Two Years with COVID-19: The Electronic Frailty Index Identifies High-Risk Patients in the Stockholm GeroCovid Study

Jonathan K L Mak, Maria Eriksdotter, Martin Annetorp, Ralf Kuja-Halkola, Laura Kananen, Anne-Marie Boström, Miia Kivipelto, Carina Metzner, Viktoria Bäck Jerlardtz, Malin Engström, Peter Johnson, Lars Göran Lundberg, Elisabet Åkesson, Carina Sühl Öberg, Maria Olsson, Tommy Cederholm, Sara Hägg, Dorota Religa, Juulia Jylhävä

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INTRODUCTION: Frailty, a measure of biological aging, has been linked to worse COVID-19 outcomes. However, as the mortality differs across the COVID-19 waves, it is less clear whether a medical record-based electronic frailty index (eFI) that we have previously developed for older adults could be used for risk stratification in hospitalized COVID-19 patients.

OBJECTIVES: The aim of the study was to examine the association of frailty with mortality, readmission, and length of stay in older COVID-19 patients and to compare the predictive accuracy of the eFI to other frailty and comorbidity measures.

METHODS: This was a retrospective cohort study using electronic health records (EHRs) from nine geriatric clinics in Stockholm, Sweden, comprising 3,980 COVID-19 patients (mean age 81.6 years) admitted between March 2020 and March 2022. Frailty was assessed using a 48-item eFI developed for Swedish geriatric patients, the Clinical Frailty Scale, and the Hospital Frailty Risk Score. Comorbidity was measured using the Charlson Comorbidity Index. We analyzed in-hospital mortality and 30-day readmission using logistic regression, 30-day and 6-month mortality using Cox regression, and the length of stay using linear regression. Predictive accuracy of the logistic regression and Cox models was evaluated by area under the receiver operating characteristic curve (AUC) and Harrell's C-statistic, respectively.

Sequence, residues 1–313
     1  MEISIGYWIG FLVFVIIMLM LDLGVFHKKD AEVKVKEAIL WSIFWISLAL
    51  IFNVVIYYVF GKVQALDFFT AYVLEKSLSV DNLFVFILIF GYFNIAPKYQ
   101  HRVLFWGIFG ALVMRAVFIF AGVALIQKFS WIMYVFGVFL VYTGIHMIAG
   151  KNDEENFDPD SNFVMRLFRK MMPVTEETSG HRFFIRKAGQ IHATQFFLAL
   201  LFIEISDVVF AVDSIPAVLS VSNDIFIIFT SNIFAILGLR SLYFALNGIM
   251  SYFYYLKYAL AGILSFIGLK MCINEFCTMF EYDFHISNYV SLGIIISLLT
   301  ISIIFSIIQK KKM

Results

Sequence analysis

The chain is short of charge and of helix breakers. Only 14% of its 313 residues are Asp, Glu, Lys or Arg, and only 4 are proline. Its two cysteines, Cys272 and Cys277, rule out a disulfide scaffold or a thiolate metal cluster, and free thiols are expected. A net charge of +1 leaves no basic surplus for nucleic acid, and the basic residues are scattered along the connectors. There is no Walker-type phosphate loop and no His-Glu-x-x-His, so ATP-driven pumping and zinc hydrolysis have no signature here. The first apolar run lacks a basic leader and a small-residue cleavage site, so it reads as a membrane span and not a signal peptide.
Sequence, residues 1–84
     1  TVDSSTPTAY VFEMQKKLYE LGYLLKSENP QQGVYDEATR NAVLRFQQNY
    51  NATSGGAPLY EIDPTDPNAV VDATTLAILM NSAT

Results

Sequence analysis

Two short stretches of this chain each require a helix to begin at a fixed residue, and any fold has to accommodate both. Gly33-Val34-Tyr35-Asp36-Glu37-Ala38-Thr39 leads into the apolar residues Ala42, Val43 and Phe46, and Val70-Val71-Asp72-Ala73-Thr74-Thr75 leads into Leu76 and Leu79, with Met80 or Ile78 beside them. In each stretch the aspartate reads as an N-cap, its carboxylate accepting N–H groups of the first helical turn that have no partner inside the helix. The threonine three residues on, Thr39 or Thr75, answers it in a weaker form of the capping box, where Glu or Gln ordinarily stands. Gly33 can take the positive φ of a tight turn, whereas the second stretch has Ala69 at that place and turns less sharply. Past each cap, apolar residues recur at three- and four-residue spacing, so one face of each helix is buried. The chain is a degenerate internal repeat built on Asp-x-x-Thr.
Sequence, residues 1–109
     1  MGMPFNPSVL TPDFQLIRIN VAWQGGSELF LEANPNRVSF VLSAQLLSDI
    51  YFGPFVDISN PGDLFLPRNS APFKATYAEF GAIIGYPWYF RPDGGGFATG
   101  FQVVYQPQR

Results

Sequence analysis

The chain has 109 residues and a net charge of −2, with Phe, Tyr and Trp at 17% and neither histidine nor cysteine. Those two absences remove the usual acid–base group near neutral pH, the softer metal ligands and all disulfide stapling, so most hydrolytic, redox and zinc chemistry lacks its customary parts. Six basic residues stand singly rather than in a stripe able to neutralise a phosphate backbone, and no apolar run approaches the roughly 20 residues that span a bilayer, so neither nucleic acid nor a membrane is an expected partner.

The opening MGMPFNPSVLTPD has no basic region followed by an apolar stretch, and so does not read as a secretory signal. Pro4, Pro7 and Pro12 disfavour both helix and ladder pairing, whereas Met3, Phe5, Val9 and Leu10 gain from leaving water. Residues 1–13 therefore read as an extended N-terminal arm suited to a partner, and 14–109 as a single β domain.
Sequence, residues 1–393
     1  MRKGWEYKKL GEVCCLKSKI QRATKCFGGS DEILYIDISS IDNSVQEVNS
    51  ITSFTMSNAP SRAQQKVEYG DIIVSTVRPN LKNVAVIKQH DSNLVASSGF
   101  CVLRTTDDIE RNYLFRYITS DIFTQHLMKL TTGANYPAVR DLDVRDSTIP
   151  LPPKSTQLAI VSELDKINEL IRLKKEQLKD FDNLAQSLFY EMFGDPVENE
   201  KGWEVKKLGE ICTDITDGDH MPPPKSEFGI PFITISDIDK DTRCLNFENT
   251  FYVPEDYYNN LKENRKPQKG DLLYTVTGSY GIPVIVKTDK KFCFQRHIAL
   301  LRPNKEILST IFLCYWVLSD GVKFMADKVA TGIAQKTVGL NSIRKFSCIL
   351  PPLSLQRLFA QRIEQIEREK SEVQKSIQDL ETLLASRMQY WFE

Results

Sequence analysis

RESULTS: Across the study period, the in-hospital mortality rate decreased from 13.9% in the first wave to 3.6% in the latest (Omicron) wave. Controlling for age and sex, a 10% increment in the eFI was significantly associated with higher risks of in-hospital mortality (odds ratio = 2.95; 95% confidence interval = 2.42-3.62), 30-day mortality (hazard ratio [HR] = 2.39; 2.08-2.74), 6-month mortality (HR = 2.29; 2.04-2.56), and a longer length of stay (β-coefficient = 2.00; 1.65-2.34) but not with 30-day readmission. The association between the eFI and in-hospital mortality remained robust across the waves, even after the vaccination rollout. Among all measures, the eFI had the best discrimination for in-hospital (AUC = 0.780), 30-day (Harrell's C = 0.733), and 6-month mortality (Harrell's C = 0.719).

CONCLUSION: An eFI based on routinely collected EHRs can be applied in identifying high-risk older COVID-19 patients during the continuing pandemic.

Original languageEnglish
Pages (from-to)396–405
Number of pages10
Issue number4
Early online date30 Nov 2022
Publication statusPublished - 2023
Publication typeA1 Journal article-refereed

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